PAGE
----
Chaos on the Shores of Tripoli?
Published on: January 7, 2012
show comments
  • Kris

    “If Libya falls into another civil war, who will NATO bomb then?”

    Dieu reconnaitra les siens.

    “The natural tendency of a number of developing countries is to fall apart into squabbling and bickering fiefdoms divided along religious, ethnic and tribal lines when the hard shell of dictatorial governance shatters.”

    If we are going to get involved at all, perhaps the best strategy is not to try to fight the natural devolutionary tendency,
    but rather to help them separate peacefully and then come down hard on any aggression. Hardly ideal, but better than the anarchy/dictatorship horns, and more realistic than somehow imposing a semi-civilized unitary state.

  • Kenny

    “Our interests in Libya run deeper than oil, and if events go badly there the west will have to spend more time, money and attention on Libya than many policy makers yet understand.”

    Don’t bet on that. The days of squandering taxpayer money on nation building are over, Mr. Mead.

  • koblog

    Appears to me certain religions work better than others as a national basis: some lead to liberty, teamwork and general prosperity; others to tyranny, tribalism and societal poverty.

  • Jacksonian Libertarian

    Islamic culture doesn’t seem to provide any structure upon which to build anything beyond a dictatorship, and warlords. The difficulty in establishing a democracy in any Islam dominated country is apparent, but I see a desire for democracy at the grassroots developing everywhere and the grassroots will eventually triumph.
    It took South Korea 40 years of American presence to become fully democratic, I think we can do better now with modern communications, but the 8 years we spent in Iraq were likely not enough to ensure the survival of democracy there. At least the Islamic cultures are no longer frozen, but in foment and changing everywhere, as I will take chaos over stagnation any day as at least there is a hope that things will change for the better.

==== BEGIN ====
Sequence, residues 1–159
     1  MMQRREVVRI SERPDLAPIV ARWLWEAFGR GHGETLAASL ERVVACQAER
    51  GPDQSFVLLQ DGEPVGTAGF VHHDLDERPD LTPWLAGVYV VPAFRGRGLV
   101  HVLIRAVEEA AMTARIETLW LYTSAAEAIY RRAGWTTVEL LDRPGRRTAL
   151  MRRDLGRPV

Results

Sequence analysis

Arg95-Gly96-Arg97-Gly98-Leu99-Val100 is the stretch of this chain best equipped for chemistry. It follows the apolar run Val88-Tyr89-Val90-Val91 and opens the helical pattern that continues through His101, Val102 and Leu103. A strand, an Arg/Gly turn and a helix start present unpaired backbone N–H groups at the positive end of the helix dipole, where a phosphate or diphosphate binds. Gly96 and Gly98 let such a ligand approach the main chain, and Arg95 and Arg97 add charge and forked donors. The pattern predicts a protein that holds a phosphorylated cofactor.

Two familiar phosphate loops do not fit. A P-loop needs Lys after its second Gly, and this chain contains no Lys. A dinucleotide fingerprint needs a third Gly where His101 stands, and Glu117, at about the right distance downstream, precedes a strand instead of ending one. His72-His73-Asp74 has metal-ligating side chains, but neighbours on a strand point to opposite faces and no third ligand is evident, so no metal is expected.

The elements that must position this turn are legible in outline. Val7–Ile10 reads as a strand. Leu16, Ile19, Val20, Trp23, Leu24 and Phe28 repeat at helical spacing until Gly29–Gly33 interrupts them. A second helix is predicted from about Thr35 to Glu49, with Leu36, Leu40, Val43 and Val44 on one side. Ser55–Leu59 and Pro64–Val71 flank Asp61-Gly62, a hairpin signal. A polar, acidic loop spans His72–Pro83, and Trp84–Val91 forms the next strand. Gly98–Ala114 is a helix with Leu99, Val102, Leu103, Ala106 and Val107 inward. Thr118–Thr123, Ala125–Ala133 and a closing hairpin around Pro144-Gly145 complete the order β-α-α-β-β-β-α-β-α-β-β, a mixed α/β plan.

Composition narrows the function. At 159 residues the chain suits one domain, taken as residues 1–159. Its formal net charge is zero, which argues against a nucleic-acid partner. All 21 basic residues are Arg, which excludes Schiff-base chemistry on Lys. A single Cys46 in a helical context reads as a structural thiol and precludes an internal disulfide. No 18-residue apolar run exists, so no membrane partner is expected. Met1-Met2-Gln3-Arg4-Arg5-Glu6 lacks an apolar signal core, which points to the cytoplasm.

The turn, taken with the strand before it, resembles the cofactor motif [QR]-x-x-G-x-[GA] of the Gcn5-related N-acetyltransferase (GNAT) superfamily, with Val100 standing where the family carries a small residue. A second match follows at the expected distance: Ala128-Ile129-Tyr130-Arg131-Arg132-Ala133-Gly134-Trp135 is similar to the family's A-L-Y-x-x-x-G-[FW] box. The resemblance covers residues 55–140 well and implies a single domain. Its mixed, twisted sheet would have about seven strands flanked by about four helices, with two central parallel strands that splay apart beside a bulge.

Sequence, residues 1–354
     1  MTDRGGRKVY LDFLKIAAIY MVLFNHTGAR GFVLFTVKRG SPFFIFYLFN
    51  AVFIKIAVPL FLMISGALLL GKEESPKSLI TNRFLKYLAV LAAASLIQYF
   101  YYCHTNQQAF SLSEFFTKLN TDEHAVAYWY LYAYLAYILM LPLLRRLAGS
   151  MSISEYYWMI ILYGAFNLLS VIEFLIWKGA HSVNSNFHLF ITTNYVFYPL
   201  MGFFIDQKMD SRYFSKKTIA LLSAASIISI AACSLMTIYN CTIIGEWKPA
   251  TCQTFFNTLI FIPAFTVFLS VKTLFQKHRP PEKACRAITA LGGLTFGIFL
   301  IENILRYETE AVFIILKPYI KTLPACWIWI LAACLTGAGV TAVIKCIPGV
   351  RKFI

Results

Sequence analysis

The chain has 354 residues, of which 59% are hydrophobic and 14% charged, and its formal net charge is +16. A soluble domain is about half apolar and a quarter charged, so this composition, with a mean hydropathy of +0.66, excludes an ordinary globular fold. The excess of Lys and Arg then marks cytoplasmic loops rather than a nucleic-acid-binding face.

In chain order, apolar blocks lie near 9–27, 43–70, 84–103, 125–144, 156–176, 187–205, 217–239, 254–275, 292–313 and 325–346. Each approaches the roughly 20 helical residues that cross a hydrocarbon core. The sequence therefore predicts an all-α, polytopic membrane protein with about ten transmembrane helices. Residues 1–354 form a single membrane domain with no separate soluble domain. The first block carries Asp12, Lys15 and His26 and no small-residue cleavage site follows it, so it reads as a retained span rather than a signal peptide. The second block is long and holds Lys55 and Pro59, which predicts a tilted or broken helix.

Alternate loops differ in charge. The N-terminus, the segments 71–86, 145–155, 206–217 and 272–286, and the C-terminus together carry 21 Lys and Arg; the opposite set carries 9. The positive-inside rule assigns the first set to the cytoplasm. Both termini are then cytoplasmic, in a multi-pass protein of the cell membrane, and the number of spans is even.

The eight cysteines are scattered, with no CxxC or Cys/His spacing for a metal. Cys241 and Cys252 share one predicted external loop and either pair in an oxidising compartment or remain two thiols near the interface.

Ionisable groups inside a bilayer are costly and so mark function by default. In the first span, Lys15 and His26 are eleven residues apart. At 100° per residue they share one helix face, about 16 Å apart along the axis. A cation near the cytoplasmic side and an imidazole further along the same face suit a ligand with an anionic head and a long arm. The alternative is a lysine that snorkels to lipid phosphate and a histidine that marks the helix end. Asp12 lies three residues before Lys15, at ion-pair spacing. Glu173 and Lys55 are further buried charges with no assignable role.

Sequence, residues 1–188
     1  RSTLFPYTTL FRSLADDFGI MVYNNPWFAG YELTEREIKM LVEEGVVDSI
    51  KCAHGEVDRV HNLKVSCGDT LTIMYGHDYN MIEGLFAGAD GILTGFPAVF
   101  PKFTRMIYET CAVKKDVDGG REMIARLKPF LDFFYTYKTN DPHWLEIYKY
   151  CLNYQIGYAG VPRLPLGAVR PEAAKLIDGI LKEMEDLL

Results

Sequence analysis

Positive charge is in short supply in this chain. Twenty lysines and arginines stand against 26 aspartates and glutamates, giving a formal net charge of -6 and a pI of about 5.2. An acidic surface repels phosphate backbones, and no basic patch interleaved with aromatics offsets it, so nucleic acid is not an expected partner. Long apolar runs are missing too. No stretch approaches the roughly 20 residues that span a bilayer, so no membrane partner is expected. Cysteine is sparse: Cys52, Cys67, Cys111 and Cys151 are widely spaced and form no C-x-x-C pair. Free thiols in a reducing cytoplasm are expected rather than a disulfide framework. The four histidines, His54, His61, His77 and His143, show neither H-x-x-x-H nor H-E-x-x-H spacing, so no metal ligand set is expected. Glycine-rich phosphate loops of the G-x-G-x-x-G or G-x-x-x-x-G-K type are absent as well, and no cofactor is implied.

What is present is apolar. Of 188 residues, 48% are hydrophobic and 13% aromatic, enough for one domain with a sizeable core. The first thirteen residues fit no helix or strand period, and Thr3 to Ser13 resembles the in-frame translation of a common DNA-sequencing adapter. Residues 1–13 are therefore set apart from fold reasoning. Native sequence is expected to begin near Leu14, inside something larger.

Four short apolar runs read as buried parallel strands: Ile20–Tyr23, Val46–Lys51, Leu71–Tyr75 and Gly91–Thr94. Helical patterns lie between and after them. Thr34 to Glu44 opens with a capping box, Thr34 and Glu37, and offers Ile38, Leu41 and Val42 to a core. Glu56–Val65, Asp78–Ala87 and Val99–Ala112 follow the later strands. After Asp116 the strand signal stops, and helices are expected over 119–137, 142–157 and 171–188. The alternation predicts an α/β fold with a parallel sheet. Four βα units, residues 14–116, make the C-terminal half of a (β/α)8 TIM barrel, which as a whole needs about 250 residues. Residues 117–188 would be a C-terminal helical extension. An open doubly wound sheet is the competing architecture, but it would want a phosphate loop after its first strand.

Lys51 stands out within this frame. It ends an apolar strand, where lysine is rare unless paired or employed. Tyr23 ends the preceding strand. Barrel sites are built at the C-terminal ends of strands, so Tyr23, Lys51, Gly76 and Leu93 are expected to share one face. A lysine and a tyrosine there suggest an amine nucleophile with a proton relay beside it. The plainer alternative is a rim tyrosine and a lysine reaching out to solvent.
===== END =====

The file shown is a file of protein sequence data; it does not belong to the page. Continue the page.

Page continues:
• gringojay

    Well reasoned analysis & I’d turn down any job offers over there like those passed on in Afghanistan years ago.

  • dearieme

    “there was reason think Libya’s future would brighten”: ya reckon?

  • Toni

    “If the nascent weak state structures in Libya don’t hold together, countries like France, Spain and Italy won’t be able to ignore the consequences. Like it or not, those countries are committed to nation building of some kind on the shores of Tripoli. Fortunately, the Europeans care much more about this than we do…”

    But they’re broke. What *can* they do? That’s a sincere question, and I’m again thinking of the practical challenge.

    As a journalist, I had to explain to readers, ‘Here’s how it works [or will work] in practice.’ Point A had to lead to Point B by pragmatic steps that the reader could envision, and they had to be plausible. That’s how my mind still works.

    The cartoon is fantastic. Oh, that Honest Abe had lived, Bible in hand, to stitch us together. In those days before term limits, he might have figured out how to reconstruct the South without sewing in bitterness and vengefulness. Grant was an able general elevated above his competence. If only…

  • This entire situation certainly raises questions about the intervention to begin with. Did we get rid of a “butcher” only to shift the source of butchery around?

    If our interests are directly threatened, we can and should intervene. When they are not, we should not.

    I have yet to see a compelling reason how Libya directly impacted us (unlike Afghanistan and even, initially, Iraq).

    No one will shed a tear for Gadaffi, but Libya appears to have been a tactical blunder. By the way, his weapons seem to be proliferating to other conflict zones, another reason to doubt the wisdom of this intervention.

  • What neither Bush nor Obama understand is that democracy does not lead to liberty. It leads to oppression by the majority in its many forms (socialism, collectivism, sharia law, etc).

    Instead, our policy towards Libya, Egypt, etc should be to advocate for LIMITED governments with decentralized powers held by competing interests.

    Our Founders implemented such a system in the U.S. with one house of Congress elected by the majority, the other by state legislatures, enumerated powers for the federal government, and all other powers reserved to the states.

    That is such a system by which Liberty flourishes. Unfortunately, we lost that in 1913 with the ratification of the16th and 17th Amendments and passage of the Federal Reserve Act.

  • jaytrain